Somewhere from out west
the call comes in: "Bob Peterson
died." Who's Bob Peterson?
I ask my wife. "My Dad's old
partner," she explains. "Oh,"
she adds, pained face,
"he had such a bad life.
No kind of marriage, though
they'd been together forty
years. Schizophrenic daughter,
to whom he was devoted,
died four years ago. All
he did was work. Even
Saturdays, though he didn't
have to go in." At least he
made a good living, I suggest.
"I guess." But she's reluctant.
"My parents tell me he made
bad investments."
Was he good in the business?
"He was great with the
men," she acquiesces. "Out
on the rigs. He could
talk with them."

And that's what I imagine;
the western sun golden in
late afternoon, spilling over
oil derricks steady as pumping
hearts. And in the long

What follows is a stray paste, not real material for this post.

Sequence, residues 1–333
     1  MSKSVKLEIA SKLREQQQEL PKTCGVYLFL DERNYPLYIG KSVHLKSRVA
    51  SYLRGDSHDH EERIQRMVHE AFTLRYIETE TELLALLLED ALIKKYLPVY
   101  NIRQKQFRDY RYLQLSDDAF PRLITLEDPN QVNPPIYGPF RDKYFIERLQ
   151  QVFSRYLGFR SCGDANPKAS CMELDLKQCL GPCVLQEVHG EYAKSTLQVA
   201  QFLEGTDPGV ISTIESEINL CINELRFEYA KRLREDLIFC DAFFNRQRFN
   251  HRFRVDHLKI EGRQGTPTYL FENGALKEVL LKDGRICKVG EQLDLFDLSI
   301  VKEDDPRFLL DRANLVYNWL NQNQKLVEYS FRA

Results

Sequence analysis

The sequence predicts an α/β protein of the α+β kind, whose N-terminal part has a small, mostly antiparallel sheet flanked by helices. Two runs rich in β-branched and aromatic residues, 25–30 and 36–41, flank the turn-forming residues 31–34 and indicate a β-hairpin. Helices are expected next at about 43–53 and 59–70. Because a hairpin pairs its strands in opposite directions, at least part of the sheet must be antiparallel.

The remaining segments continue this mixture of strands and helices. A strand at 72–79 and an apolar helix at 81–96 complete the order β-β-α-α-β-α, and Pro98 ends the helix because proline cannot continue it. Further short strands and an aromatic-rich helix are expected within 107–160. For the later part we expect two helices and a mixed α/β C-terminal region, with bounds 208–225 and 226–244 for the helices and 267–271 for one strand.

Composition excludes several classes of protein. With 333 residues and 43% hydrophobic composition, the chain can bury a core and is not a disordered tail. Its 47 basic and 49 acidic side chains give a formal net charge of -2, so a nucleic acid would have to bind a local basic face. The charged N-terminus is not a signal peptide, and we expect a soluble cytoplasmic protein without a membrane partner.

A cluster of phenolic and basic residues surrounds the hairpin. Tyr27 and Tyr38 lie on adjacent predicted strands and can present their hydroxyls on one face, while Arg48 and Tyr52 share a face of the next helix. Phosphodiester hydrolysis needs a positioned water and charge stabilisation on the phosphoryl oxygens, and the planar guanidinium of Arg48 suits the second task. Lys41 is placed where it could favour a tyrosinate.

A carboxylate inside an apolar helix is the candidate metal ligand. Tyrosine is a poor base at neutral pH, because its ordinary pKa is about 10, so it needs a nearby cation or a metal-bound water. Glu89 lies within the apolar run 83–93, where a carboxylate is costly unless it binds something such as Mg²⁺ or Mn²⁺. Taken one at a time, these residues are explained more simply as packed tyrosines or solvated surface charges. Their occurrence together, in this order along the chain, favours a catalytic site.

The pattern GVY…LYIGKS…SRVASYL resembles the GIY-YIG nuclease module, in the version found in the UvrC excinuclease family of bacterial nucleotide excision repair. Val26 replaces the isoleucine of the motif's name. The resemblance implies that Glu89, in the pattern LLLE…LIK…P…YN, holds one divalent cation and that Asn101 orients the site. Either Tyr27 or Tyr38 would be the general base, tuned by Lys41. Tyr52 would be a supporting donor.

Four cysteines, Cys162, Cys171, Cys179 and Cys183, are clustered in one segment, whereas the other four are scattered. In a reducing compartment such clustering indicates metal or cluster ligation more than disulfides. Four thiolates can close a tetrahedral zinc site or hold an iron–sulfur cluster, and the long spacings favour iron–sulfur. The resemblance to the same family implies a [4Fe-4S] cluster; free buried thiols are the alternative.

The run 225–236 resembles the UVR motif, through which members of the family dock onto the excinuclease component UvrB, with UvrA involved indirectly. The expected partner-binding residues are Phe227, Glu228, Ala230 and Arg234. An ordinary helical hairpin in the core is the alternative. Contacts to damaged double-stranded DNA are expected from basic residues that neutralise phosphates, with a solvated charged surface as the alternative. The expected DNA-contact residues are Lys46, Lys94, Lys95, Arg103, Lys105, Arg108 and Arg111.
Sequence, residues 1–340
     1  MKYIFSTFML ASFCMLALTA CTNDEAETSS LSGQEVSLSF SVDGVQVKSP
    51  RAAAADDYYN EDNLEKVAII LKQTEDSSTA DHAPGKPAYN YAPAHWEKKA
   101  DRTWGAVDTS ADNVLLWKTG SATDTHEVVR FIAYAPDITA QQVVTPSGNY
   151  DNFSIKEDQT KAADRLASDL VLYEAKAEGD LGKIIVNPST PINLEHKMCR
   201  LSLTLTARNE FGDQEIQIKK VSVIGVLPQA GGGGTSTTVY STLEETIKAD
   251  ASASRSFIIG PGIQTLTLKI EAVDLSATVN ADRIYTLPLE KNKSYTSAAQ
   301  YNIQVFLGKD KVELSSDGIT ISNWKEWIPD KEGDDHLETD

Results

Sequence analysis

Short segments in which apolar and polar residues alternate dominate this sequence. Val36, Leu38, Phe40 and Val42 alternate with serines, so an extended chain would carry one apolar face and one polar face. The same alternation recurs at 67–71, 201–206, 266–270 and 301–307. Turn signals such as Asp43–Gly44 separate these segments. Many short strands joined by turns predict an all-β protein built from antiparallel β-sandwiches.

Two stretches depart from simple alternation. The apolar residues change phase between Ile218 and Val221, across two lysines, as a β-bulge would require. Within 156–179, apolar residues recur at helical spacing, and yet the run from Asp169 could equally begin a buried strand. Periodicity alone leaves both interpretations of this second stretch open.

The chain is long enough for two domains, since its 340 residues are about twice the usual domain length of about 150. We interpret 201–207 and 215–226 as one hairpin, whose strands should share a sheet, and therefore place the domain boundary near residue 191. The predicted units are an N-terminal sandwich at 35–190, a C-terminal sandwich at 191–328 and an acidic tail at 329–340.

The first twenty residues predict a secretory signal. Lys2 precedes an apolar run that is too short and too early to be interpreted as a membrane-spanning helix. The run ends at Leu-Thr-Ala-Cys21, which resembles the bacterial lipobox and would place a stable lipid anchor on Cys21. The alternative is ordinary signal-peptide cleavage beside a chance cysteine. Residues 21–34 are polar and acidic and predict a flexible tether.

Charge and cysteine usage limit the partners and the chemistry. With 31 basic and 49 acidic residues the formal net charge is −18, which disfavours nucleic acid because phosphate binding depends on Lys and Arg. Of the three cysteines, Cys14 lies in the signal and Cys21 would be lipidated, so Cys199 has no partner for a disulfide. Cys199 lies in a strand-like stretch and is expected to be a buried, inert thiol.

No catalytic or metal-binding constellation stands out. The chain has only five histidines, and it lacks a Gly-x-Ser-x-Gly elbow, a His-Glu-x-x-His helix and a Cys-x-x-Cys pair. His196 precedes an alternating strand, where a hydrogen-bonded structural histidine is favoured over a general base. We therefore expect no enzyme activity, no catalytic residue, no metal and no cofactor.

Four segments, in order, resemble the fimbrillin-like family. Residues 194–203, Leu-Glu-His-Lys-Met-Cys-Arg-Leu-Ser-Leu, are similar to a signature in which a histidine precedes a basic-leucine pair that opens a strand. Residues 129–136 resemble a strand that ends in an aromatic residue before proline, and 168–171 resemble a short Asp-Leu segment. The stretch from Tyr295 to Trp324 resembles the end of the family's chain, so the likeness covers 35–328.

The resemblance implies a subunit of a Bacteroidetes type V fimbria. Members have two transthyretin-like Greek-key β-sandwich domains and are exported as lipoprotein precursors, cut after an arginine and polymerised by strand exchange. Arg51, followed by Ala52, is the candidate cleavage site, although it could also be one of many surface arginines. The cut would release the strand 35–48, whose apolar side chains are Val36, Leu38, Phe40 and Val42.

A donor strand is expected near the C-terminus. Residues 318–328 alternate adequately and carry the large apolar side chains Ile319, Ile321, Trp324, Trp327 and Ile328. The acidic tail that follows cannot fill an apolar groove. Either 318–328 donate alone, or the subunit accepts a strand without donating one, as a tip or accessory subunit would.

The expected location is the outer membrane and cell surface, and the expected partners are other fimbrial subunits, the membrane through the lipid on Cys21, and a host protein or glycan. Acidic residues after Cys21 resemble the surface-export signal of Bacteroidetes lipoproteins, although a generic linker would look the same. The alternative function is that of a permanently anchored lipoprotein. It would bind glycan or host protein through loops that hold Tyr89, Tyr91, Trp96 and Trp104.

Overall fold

shadows Peterson's white
smile, hand reaching to shake
the forman's, holding each other's
eyes just long enough, then
looking away toward the
horizon to talk about
business, not much,

Cary Griffith


There's mold in yesterday's coffee,
ashes in the fire pit.
We rise late to the overcast day.

The cabin's cold as bone
in a February wind,
though it's May, Fishing Opener,

which we took to mean
bottle opener, can opener
anything opener well after

midnight with the cabin lit
up like a Chinese lantern.
This morning we

rise, nobody speaks. The only
thing making us smile is the way Steve
leaped across the midnight deck,

wearing long johns,
rising in the air with more grace
than the Russian ballet.

Cary Griffith
CARY GRIFFITH has published in a few small literary journals. He studied with Tess Gallager way back when, at Iowa, then dropped beneath the radar -- children, struggled to make a living, put bread on the table, continued trying to write (though turned his pen toward money), got a divorce, etc. etc. -- perhaps you've heard this story? This is his second appearance in TAR.
The Adirondack Review